Mose in Egitto, Welsh National Opera

Welsh National Opera’s production of Rossini’s Mose in Egitto was the second of two Rossini operas (the other is Guillaume Tell) performed in tandem for their autumn tour.

L’incoronazione di Poppea, Barbican Hall

In Monteverdi’s first Venetian opera, Il Ritorno d’Ulisse (1641), Penelope’s patient devotion as she waits for the return of her beloved Ulysses culminates in the triumph of love and faithfulness; in contrast, in L’incoronazione di Poppea it is the eponymous Queen’s lust, passion and ambition that prevail.

Rameau’s Les Paladins, Wigmore Hall

After the triumphs of love, the surprises: Les Paladins, under their director Jérôme Correas, and soprano Sandrine Piau are following their tour of material from their 2011 CD, ‘Le Triomphe de L’amour’, with a new amatory arrangement.

Puccini : The Girl of the Golden West, ENO London

At the ENO, Puccini's La fanciulla del West becomes The Girl of the Golden West. Hearing this opera in English instead of Italian has its advantages, While we can still hear the exotic, Italianate Madama Butterfly fantasies in the orchestra, in English, we're closer to the original pot-boiler melodrama. Madama Biutterfly is premier cru: The Girl of the Golden West veers closer, at times, to hokum. The new ENO production gets round the implausibility of the plot by engaging with its natural innocence.

Anna Caterina Antonacci, Wigmore Hall, London

Presenting a well-structured and characterful programme, Italian soprano Anna Caterina Antonacci demonstrated her prowess in both soprano and mezzo repertoire in this Wigmore Hall recital, performing European works from the early years of the twentieth century. Assuredly accompanied by her regular pianist Donald Sulzen, Antonacci was self-composed and calm of manner, but also evinced a warmly engaging stage presence throughout.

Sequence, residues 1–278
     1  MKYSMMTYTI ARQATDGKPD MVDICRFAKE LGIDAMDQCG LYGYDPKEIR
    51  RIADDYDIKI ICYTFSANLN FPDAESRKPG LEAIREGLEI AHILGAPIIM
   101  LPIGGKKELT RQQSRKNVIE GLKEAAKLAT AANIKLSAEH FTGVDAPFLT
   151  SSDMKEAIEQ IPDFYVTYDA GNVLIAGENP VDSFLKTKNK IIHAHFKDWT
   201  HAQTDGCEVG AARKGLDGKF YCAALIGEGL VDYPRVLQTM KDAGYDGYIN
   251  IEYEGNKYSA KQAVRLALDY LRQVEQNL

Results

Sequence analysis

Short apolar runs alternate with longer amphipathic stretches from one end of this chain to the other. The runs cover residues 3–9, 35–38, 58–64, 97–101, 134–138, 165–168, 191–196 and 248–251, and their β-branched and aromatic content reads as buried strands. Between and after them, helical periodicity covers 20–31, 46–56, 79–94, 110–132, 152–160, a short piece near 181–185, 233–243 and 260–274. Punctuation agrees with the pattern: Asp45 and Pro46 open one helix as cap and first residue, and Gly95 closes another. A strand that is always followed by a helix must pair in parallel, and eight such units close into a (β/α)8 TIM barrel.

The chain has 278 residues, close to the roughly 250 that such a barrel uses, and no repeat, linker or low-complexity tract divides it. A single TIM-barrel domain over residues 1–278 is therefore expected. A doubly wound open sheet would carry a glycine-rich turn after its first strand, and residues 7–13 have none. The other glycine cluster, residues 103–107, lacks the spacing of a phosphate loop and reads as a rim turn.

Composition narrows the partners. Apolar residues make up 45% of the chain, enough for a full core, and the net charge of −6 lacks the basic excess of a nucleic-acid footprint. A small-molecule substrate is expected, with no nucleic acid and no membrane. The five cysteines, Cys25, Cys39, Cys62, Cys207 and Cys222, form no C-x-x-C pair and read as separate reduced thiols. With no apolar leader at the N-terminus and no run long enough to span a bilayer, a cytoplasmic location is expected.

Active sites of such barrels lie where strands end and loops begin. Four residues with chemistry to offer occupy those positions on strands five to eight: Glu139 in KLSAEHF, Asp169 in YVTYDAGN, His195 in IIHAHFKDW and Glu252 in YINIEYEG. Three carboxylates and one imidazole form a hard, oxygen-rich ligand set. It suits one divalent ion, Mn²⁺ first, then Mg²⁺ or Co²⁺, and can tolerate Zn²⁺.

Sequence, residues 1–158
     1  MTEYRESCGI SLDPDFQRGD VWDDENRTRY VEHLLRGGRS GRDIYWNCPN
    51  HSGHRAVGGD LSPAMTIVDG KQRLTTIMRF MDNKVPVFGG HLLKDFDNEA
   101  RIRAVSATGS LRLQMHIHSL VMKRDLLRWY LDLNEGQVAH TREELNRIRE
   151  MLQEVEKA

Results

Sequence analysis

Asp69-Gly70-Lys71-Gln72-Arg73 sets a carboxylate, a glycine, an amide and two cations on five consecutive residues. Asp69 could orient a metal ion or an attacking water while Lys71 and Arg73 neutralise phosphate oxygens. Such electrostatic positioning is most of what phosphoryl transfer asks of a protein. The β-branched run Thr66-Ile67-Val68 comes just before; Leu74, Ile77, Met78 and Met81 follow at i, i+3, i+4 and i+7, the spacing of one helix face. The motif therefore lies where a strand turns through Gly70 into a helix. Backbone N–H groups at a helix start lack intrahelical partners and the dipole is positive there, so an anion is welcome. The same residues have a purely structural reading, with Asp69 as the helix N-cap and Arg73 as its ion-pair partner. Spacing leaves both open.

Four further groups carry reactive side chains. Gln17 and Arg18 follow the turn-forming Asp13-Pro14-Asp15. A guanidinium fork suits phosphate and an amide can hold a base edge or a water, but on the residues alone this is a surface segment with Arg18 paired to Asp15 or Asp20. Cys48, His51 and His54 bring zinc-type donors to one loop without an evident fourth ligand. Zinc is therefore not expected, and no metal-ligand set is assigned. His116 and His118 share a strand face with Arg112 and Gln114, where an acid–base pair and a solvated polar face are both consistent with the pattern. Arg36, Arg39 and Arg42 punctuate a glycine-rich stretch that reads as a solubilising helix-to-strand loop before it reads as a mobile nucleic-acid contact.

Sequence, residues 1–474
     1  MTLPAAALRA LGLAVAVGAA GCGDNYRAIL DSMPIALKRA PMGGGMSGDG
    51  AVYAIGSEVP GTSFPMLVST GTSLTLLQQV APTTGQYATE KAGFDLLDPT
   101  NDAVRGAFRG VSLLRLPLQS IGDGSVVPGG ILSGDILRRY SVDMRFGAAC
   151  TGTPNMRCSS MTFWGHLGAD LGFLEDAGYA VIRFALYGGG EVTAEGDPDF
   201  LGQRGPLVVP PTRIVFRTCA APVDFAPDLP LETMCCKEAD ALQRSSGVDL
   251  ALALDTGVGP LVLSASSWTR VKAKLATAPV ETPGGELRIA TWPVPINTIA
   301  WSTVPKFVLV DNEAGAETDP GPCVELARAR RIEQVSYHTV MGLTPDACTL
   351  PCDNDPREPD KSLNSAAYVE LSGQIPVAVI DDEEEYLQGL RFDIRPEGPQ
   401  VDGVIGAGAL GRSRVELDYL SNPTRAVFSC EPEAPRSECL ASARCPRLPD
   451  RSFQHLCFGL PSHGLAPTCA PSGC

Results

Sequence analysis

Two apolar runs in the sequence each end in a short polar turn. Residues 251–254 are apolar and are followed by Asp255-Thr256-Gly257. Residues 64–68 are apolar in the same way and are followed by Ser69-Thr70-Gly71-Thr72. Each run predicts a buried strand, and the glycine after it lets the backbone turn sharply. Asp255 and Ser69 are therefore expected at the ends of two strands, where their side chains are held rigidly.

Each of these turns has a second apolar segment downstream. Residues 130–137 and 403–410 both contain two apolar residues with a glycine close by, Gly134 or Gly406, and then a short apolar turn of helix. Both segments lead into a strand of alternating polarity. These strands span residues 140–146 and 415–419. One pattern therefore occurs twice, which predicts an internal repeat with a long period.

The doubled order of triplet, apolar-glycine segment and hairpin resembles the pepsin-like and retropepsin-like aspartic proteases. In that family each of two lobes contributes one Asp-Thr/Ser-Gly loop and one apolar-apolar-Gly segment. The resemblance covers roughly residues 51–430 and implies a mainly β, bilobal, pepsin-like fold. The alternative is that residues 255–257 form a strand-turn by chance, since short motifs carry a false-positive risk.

Il barbiere di Siviglia, Royal Opera

Bold, bright and brash, Moshe Leiser and Patrice Caurier’s Il barbiere di Siviglia tells its story clearly in complementary primary colours.

Gluck and Bertoni at Bampton

Bampton Classical Opera’s 2014 double bill neatly balanced drollery and gravity. Rectifying the apparent prevailing indifference to the 300th centenary of Christoph Willibald Gluck birth, Bampton offered a sharp, witty production of the composer’s Il Parnaso confuso, pairing this ‘festa teatrale’ with Ferdinando Bertoni’s more sombre Orfeo.

Purcell: A Retrospective

Harry Christophers and The Sixteen Choir and Orchestra launched the Wigmore Hall’s two-year series, ‘Purcell: A Retrospective’, in splendid style. Flexibility, buoyancy and transparency were the watchwords.

Mahler: Symphony no.3 — Prom 73

It would be unfair, but one could summarise this concert with the words, ‘Senator, you’re no Leonard Bernstein.’

OPERA TODAY ARCHIVES »

Performances

Ian Bostridge
06 Jun 2010

Bostridge and Pappano at Wigmore Hall

Bringing their recent recording of Schubert’s late songs to the concert stage, Ian Bostridge and Antonio Pappano swept through a sequence which ranged from bitter-sweet regret to angry self-reproach, from hesitant hope to turbulent despair, in this the second of two performances at the Wigmore Hall.